Now to ask what it means to be an American is also a political question, or should I say, it comprehends the political realm and raises it to a higher level. In the light of our current social malaise, an enquiry into the life of the minds is urgent.
This is the reason why we should study the thoughts and intellectual lives and writings of our forbears. For a nation is not created anew in every moment. There are continuities that give it order and purpose. And so it is for each of us; each of our lives is a continuity of moments, a history, of which each of us is conscious; it is our identity. Every life is an activity of mind seeking the highest good, and therein is realized life’s fulfillment, “for life is the actualization of mind.”
Postscript: I wrote all this when the campaign for the presidential election was just getting underway. But now it has been decided and the theme seems to me more urgent to consider than ever. Donald Trump has been defeated and soon, if the rule of law prevails, he will be gone. Joseph Biden will be inaugurated as President of the United States, but it will be incumbent on us, the People of the United States to experience a renewal of our minds and a commitment to the moral principles that made this nation truly great. This will be my purpose is writing these essays.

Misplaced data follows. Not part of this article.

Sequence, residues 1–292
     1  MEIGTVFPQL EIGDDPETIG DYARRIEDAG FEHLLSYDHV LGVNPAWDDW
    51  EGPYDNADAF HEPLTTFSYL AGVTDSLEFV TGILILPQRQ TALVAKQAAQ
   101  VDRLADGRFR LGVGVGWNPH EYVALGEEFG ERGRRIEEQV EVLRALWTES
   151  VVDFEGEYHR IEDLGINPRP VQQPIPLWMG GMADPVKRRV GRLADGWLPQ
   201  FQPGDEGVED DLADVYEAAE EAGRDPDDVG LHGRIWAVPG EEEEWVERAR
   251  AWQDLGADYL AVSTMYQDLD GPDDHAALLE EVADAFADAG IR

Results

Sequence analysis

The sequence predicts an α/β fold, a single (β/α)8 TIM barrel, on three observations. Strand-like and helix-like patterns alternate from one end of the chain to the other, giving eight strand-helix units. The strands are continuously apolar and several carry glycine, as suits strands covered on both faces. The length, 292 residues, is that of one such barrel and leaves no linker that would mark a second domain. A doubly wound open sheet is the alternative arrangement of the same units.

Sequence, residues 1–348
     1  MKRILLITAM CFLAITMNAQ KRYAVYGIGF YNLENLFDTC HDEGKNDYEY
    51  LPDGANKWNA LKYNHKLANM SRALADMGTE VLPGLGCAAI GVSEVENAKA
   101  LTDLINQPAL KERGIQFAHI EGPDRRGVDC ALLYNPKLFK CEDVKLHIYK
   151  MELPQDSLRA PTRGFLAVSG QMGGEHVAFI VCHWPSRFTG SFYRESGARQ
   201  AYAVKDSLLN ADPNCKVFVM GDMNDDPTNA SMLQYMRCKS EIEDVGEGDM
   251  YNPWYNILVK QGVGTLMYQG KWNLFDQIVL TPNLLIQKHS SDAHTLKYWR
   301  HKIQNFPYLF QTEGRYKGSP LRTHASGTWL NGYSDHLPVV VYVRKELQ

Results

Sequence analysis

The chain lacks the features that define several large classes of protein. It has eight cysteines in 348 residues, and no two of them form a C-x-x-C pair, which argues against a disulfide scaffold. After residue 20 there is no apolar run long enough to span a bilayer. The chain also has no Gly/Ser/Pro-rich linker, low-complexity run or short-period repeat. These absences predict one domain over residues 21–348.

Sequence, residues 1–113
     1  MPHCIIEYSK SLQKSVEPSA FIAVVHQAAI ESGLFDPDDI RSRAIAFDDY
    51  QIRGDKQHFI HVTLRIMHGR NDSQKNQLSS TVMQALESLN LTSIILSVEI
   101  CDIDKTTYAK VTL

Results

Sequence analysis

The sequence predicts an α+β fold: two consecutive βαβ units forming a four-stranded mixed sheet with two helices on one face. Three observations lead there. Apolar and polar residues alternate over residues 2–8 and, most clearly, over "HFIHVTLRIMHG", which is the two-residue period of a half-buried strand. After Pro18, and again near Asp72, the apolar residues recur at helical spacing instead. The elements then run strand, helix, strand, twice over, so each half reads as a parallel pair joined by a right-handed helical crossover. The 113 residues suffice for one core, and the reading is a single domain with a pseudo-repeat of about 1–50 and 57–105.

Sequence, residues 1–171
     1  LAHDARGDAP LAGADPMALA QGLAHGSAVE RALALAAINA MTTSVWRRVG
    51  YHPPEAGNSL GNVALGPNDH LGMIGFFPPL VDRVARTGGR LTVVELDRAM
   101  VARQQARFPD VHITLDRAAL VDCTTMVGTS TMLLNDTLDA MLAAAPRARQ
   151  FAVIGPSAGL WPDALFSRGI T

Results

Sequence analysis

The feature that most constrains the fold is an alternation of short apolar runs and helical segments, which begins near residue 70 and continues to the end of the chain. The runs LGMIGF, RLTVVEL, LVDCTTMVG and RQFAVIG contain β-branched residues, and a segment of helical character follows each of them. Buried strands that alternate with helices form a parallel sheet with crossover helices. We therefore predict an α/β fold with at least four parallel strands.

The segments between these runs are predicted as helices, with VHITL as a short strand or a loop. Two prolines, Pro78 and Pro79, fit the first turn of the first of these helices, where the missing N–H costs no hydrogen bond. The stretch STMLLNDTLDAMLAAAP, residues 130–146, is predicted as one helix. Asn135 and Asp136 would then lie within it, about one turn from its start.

Perry Miller’s “The Life of the Mind in America” was published posthumously in 1965 and won the Pulitzer Prize. It is still in print. Consult your local bookshop.
Faith Gong: Things we don’t talk about: Being the anti-hero
I have an uneasy relationship in my head with singer/songwriter/cultural icon Taylor Swift … (read more)
Editorial: Governor’s vetoes hit their mark
Our bet is that many Vermonters may be shaking their heads in agreement with the governor, … (read more)
Community forum: AG’s decision ‘dangerous, chilling’
The recent decision by Attorney General Charity Clark to charge two Vermont State troopers … (read more)